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Article
Generalization and Hume's Problem of Induction: Misconceptions and Clarifications
Research Collection School of Social Sciences
  • Eric W. K. TSANG, University of Texas at Dallas
  • John N. Williams, Singapore Management University
Publication Type
Working Paper
Publication Date
5-2007
Abstract

In Generalizing Generalizability in Information Systems Research Lee and Baskerville (2003) attempt to clarify generalization and distinguish four types of generalization. Although this is a useful objective, what they call generalization is often not generalization at all in the proper sense of the word. We elucidate generalization by locating their major errors. A main source of these is their failure to understand the depth of Hume’s problem of induction. We give a thorough explication of the problem and then give a solution. Lastly, we propose an alternative taxonomy of generalization: theoretical, within-population, cross-population, contextual, and temporal.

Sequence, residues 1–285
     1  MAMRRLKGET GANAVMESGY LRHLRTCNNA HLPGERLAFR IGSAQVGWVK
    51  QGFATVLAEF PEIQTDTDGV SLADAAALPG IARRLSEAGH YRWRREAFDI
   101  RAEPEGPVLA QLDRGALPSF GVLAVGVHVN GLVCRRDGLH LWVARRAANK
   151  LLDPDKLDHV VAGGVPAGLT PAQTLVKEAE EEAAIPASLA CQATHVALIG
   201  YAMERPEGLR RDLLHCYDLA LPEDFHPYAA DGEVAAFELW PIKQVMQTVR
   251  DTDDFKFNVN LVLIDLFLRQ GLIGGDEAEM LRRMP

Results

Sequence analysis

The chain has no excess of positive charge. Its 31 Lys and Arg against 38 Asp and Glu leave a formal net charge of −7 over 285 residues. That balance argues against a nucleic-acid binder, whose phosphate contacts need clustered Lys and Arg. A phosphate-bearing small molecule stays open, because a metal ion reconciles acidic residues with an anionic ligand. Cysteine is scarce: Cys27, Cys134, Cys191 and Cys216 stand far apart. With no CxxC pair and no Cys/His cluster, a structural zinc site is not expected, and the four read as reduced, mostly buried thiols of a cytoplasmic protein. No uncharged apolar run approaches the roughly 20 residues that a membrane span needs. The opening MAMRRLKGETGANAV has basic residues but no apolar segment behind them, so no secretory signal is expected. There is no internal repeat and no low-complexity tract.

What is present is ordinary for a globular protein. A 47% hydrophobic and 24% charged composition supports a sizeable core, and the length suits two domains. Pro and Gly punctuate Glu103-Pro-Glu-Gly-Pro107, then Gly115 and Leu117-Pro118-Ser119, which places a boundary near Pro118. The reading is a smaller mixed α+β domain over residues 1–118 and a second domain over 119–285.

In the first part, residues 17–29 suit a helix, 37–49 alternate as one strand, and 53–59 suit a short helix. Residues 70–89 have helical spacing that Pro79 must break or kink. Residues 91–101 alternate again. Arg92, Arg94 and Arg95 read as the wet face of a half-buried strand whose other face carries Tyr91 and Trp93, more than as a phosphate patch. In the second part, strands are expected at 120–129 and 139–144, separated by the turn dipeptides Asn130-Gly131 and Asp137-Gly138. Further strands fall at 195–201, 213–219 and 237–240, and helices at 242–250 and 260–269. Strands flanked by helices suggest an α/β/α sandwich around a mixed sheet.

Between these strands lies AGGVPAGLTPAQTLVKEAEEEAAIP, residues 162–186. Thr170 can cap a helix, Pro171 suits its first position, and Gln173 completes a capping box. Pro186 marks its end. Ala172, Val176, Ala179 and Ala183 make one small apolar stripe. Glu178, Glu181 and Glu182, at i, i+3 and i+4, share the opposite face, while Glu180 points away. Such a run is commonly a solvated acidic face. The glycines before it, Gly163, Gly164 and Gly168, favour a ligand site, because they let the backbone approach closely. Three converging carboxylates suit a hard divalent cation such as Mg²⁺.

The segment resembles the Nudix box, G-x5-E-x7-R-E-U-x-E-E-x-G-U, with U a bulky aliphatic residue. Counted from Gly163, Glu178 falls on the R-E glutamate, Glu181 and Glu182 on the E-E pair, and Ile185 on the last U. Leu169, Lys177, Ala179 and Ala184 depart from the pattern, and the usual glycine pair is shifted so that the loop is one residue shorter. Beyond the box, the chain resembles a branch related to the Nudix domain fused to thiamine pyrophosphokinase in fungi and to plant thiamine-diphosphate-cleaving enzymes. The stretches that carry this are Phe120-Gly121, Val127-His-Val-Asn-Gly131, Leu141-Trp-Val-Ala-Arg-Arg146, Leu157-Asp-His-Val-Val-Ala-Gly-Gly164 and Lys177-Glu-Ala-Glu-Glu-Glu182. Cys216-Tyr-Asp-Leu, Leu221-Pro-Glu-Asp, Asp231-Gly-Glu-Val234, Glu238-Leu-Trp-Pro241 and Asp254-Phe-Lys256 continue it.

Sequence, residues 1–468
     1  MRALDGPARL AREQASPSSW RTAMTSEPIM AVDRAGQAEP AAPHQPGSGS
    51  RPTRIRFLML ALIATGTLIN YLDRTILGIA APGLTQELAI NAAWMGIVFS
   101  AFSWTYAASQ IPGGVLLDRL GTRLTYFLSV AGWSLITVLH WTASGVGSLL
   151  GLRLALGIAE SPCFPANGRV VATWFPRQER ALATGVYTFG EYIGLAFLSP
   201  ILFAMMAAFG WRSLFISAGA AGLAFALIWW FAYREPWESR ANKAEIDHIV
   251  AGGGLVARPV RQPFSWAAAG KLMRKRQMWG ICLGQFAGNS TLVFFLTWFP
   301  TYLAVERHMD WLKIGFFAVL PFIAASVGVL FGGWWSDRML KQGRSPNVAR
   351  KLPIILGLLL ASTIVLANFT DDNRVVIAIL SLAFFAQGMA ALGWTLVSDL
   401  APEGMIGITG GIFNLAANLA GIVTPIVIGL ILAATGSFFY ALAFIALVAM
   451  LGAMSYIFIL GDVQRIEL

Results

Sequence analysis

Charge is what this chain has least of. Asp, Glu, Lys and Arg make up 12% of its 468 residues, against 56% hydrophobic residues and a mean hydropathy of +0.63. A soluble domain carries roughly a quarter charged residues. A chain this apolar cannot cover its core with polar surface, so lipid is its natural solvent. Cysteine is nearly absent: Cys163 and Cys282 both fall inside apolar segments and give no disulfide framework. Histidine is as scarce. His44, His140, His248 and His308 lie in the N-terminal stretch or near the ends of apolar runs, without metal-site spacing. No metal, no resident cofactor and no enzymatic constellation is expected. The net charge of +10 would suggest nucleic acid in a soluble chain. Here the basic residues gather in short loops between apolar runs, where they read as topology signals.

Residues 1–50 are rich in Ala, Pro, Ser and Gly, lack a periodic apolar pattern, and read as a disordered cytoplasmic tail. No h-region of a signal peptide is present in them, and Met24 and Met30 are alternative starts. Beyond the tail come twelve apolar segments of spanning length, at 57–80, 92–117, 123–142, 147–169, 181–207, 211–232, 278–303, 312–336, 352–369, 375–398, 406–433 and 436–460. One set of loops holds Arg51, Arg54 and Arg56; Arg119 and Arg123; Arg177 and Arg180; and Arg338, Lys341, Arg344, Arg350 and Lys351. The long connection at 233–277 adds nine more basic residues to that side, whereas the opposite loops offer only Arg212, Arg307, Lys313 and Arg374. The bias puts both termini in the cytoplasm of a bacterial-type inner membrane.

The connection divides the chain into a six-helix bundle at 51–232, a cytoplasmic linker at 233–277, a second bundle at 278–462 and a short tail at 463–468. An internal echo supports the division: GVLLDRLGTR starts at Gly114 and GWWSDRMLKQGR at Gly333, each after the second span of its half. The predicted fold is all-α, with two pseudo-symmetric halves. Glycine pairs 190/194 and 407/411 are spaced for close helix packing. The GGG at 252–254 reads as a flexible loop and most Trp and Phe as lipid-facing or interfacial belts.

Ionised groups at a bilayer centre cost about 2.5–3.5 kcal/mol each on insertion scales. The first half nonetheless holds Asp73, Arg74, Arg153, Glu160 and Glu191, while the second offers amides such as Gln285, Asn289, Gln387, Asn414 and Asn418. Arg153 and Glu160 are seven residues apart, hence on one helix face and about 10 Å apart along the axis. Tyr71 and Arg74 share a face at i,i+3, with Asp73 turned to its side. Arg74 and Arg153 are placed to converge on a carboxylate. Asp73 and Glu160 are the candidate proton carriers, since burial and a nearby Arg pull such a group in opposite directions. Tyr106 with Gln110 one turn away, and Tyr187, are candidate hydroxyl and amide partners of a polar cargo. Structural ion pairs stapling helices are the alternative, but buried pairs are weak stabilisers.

Discipline
Publisher
Singapore Management University
City or Country
Singapore
Copyright Owner and License
Author
Creative Commons License
Creative Commons Attribution-Noncommercial-No Derivative Works 4.0
Comments

Published in MIS Quarterly, 2012, 36(3), 729 - 748.

Citation Information
Eric W. K. TSANG and John N. Williams. "Generalization and Hume's Problem of Induction: Misconceptions and Clarifications" (2007) p. 1 - 31
Available at: http://works.bepress.com/john_williams/30/